Clinton Hill

Whitmanites make surprise appearance at hearing to call for landmarking of poet’s house

June 4, 2019 Lore Croghan
Brad Vogel (at left), Frances Scanlon and Gary Glazner went to a Landmarks Preservation Commission hearing on Tuesday to call for designation for Walt Whitman’s house at 99 Ryerson St. Eagle photo by Lore Croghan
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Preservation advocates made their case at a city Landmarks Preservation Commission hearing for landmarking poet Walt Whitman’s only still-existing New York City house — even though the property was not on the agenda.

The group spoke out Tuesday during a hearing about six Manhattan and Staten Island properties that were significant to the LGBTQ+ civil rights movement. The LPC is considering those properties for designation as individual landmarks.

They include the Women’s Liberation Center in Chelsea, novelist James Baldwin’s residence on the Upper West Side and poet Audre Lorde’s house on Staten Island.

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“One very obvious site of importance to the history of the LGBT community is missing from the list today,” Walt Whitman Initiative board member Brad Vogel said in his testimony at the hearing.

“What about Walt?” he asked.

Whitman, who was the editor of the Brooklyn Daily Eagle in the 1840s, is widely considered America’s greatest poet. His frank depiction of men loving men was revolutionary in American literature.

Whitman lived at 99 Ryerson St. in Clinton Hill from May 1855 to April 1856. During that time, he published the first version of his ground-breaking work “Leaves of Grass.” It is a modest rowhouse, covered in vinyl siding, but is imbued with a powerful history, Vogel said.

The second house from the left is 99 Ryerson St., where Walt Whitman lived. Eagle photo by Lore Croghan
The second house from the left is 99 Ryerson St., where Walt Whitman lived. Eagle photo by Lore Croghan

“Whitman began to give voice to his sexuality when he lived in the house; his father died in the house; he received a famous letter and visit from [Ralph Waldo] Emerson while living in the house, which catapulted him to true renown,” Vogel said.

Vogel spoke on behalf of the Coalition to Save Walt Whitman’s House, whose online petition calling for the property’s landmarking has garnered more than 5,600 signatures.

Coalition members argue that Leaves of Grass House is one of New York City’s oldest buildings associated with someone who today would be identified as an LGBTQ+ person.

And, they argue, there is no time to landmark it like the year that marks both the 50th anniversary of the Stonewall Riots and the celebration of Whitman’s 200th birthday.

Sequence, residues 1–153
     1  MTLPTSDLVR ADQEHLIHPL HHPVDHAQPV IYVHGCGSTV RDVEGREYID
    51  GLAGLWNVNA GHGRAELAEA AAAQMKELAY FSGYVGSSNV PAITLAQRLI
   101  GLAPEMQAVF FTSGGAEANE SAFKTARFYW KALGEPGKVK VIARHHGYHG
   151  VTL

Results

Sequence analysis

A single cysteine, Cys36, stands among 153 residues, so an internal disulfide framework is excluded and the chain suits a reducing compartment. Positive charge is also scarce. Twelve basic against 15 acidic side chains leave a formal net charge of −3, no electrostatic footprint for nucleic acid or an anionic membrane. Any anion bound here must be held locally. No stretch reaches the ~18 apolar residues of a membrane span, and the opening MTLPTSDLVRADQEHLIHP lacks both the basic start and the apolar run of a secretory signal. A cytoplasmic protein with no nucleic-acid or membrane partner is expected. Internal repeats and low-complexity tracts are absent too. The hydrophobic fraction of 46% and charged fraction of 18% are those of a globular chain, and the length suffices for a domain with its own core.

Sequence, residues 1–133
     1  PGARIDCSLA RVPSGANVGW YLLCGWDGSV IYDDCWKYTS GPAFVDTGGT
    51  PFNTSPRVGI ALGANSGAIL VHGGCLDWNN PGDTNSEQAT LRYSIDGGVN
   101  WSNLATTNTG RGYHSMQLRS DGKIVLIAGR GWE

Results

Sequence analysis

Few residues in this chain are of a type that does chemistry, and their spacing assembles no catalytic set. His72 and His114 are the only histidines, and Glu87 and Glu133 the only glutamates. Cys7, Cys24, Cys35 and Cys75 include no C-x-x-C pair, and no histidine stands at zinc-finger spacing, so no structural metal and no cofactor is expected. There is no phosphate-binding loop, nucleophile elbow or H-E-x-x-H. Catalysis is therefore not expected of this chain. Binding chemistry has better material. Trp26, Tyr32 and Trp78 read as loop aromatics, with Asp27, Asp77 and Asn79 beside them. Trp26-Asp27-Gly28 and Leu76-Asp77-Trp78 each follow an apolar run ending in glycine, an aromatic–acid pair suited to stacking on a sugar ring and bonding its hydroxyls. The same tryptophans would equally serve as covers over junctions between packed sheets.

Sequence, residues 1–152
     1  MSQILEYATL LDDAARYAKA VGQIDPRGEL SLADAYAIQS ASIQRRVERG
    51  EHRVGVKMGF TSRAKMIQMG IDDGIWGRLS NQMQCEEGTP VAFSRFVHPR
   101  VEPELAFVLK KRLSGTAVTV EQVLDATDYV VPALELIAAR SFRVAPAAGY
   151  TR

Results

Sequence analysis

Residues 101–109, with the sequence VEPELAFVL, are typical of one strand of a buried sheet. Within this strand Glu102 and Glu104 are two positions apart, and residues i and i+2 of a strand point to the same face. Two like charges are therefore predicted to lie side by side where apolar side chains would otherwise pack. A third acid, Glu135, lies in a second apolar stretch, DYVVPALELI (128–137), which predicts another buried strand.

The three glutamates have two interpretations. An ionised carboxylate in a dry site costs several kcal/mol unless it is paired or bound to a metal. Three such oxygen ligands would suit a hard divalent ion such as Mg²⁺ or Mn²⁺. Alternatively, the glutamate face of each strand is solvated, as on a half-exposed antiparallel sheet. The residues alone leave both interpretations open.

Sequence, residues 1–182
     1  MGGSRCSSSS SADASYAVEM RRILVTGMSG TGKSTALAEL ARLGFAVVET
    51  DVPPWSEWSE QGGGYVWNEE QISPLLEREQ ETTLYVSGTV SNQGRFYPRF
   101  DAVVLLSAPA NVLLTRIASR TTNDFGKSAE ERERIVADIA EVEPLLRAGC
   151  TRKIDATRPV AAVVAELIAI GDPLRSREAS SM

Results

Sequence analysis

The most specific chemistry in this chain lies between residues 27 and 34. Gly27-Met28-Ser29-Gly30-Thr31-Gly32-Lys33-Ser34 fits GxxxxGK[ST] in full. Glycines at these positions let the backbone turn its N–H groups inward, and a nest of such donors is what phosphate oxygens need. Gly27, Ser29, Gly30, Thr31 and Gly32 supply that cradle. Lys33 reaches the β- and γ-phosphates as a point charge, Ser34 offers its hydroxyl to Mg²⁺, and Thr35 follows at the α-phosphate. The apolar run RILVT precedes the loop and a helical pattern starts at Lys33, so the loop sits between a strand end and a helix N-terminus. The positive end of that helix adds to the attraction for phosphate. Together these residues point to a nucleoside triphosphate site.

House owner opposes landmarking

“Saving 99 Ryerson St. is not the right thing to do,” Frances Scanlon said in her testimony on Tuesday. “It is indeed the only right thing to do.”

Scanlon borrowed phrases from the Bard of Brooklyn’s poetic vocabulary in urging commissioners to landmark 99 Ryerson St.

“I am asking you collectively to become as if a leaf of grass and sway on the right side of history’s breeze,” Scanlon said. “Do not surrender to the overly formalistic stoic elements that would elevate form over substance.”

Jason Koo, the founder and executive director of a nonprofit called Brooklyn Poets, praised Whitman’s “Leaves of Grass” as a “groundbreaking achievement.”

According to city Finance Department records, 99 Ryerson St. belongs to the Horacio Downs Living Trust. As the Eagle previously reported, a woman who reps the trust has told preservationists the owners plan to tell the LPC they prefer the house not be landmarked.

The preservation agency does designate properties whose owners oppose landmarking.

‘A cradle for extraordinary art’

In her testimony, Professor Karen Karbiener, the president of the Walt Whitman Initiative, told the Landmarks Preservation Commission the house’s “working-class vibe” is a fitting reminder that Whitman came from humble roots.

The ordinary-looking house was “a cradle for extraordinary art,” she said.

Gary Glazner, the founder and executive director of the Alzheimer’s Poetry Project, spoke about the international impact of Whitman’s work. Glazner said a passage of Whitman’s poetry probably inspired Vincent Van Gogh’s masterpiece painting “Starry Night.”

After an evaluation in 2017, Landmarks Preservation Commission staffers decided Whitman’s house didn’t rise to the level of an individual landmark. Preservationists have answered the agency’s objections with a 13-page rebuttal.

Last year, City Councilmember Laurie Cumbo — who represents the district in which 99 Ryerson St. is located — and other elected officials wrote a letter calling for Leaves of Grass House to be landmarked.

After Tuesday’s hearing, a Landmarks spokesperson didn’t speak specifically about 99 Ryerson St or whether it’s a worthy LGBTQ+-related landmark. But she did say, “LPC will continue to identify and designate properties that reflect the City’s rich history, including its LGBT history.”

Follow reporter Lore Croghan on Twitter.

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